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Expatriate insurance

designed to cover financial and other losses incurred while living and working in a country other than one's own.
Insurance should be arranged prior to relocating to a new country or destination. Policies will generally cover the duration of your stay and can be purchased on a 6 month to annual basis. It is important to purchase this insurance from a reputable company.

National Insurance

(NI) Is a system of taxes and related social security benefits in the United Kingdom. It was first introduced in 1911, and expanded by the government of Clement Attlee in 1946. The tax component of the system consists of taxes paid by employees and employers on weekly earnings and other benefits-in-kind; the self-employed are taxed based upon profits. Such taxes are said to be National Insurance Contributions (NICs). The benefit component of the system is a number of contributory benefits, that is ones where the claimant's previous contribution record determines the availability and amount of the benefit paid. The benefits provided are weekly income benefits and some lump sum benefits to participants upon death, retirement, unemployment, maternity and disability.

Liability insurance

 is a part of the general insurance system of risk transference. Originally, individuals or companies that faced a common peril, formed a group and created a self-help fund out of which to pay compensation should any member incur loss. The modern system relies on dedicated carriers to offer protection against specified perils in consideration of a premium. Liability insurance is designed to offer specific protection against third party claims, i.e., payment is not typically made to the insured, but rather to someone suffering loss who is not a party to the insurance contract. In general, damage caused intentionally and contractual liability are not covered under liability insurance policies. When a claim is made, the insurance carrier has the right to defend the insured. The legal costs of a defense are not affected by any policy limits, which is useful because they can be significant where long trials are held to determine either fault or the amount of damages.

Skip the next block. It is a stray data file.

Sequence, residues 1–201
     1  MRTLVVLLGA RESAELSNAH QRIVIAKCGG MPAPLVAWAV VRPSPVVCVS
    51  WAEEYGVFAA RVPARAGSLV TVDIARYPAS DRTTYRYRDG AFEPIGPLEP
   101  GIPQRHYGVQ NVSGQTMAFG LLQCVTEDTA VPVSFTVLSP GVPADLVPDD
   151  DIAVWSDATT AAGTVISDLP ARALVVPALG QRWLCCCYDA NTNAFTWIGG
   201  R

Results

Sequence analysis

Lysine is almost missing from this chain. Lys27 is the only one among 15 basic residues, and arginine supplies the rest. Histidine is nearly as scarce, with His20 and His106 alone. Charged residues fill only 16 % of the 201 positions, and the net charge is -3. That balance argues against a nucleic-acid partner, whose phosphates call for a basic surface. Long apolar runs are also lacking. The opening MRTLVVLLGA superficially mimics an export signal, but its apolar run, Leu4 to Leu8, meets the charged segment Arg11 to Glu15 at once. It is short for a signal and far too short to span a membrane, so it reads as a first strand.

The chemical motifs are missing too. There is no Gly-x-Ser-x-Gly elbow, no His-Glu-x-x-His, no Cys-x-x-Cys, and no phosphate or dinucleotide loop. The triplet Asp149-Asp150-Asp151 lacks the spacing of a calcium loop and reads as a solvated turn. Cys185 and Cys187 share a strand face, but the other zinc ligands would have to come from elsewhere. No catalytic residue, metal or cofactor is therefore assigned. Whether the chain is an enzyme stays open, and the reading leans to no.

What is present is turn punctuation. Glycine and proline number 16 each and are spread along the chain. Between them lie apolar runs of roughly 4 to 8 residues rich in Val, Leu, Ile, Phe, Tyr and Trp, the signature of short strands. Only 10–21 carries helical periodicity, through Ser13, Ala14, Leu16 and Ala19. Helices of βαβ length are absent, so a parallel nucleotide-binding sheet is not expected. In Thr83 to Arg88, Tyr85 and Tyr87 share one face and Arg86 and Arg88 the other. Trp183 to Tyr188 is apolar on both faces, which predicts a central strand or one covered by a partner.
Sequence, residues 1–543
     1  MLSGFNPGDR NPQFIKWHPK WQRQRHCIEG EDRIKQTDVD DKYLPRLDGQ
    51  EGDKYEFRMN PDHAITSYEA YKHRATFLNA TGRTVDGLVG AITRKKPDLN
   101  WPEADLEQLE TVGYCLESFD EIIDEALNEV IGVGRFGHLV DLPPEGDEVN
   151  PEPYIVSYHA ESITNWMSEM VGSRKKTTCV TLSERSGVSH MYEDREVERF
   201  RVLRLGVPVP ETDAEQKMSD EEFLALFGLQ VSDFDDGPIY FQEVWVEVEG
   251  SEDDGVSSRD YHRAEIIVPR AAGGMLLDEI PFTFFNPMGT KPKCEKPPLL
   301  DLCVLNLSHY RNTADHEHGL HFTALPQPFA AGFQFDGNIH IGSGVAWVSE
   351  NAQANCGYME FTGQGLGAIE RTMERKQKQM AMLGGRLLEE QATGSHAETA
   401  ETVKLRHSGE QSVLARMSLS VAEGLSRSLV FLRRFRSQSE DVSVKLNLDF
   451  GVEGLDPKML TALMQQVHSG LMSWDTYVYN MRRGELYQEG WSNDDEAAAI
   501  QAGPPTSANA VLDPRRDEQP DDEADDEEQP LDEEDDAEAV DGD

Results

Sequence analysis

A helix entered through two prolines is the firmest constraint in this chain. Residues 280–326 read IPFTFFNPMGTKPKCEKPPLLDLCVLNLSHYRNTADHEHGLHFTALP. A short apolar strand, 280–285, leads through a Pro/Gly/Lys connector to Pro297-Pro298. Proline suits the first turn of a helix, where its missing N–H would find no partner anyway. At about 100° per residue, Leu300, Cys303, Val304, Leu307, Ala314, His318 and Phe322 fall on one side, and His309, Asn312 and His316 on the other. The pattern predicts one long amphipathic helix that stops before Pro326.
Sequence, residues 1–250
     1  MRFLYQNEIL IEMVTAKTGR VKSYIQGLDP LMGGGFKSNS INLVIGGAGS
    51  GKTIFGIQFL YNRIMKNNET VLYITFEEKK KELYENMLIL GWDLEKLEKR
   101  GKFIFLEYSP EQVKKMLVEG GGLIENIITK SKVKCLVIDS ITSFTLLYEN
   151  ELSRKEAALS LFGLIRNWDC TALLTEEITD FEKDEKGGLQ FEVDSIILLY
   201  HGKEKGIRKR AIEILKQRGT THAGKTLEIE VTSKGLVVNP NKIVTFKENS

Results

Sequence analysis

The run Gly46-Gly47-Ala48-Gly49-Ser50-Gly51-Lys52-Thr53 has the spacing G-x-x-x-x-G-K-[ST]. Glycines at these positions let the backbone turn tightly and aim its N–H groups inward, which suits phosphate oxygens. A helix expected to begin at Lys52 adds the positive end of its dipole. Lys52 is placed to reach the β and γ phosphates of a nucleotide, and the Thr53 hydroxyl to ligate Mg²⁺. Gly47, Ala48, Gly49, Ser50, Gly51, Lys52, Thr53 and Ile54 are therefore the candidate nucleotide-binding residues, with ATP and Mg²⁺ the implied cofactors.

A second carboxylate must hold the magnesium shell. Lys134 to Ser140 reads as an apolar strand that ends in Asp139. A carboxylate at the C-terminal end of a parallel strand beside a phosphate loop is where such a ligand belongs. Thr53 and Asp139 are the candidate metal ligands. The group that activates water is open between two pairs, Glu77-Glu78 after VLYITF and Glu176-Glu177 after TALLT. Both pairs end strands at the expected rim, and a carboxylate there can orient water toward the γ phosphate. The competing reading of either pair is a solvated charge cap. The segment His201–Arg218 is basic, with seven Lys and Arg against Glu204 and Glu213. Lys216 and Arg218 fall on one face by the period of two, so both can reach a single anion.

No-fault insurance

is a type of insurance where insureds are indemnified by their own insurer regardless of fault in the incident. The term is often applied to any type of policy that allows for a policyholder to be reimbursed by their own insurer without proof of fault, but technically it refers only to state/provincial laws that not only allow for recovery of direct damage but also limit the right of the insured to sue.

Pet Insurance

pays the veterinary costs if one's pet is ill or is injured in an accident. Some policies also pay out if the pet dies, or is lost or stolen. The purpose of pet insurance is to mitigate the risk of incurring significant expense to treat ill or injured pets. As veterinary medicine is increasingly employing expensive medical techniques and drugs, and owners have higher expectations for their pets' health care and standard of living than previously, the market for pet insurance has increased.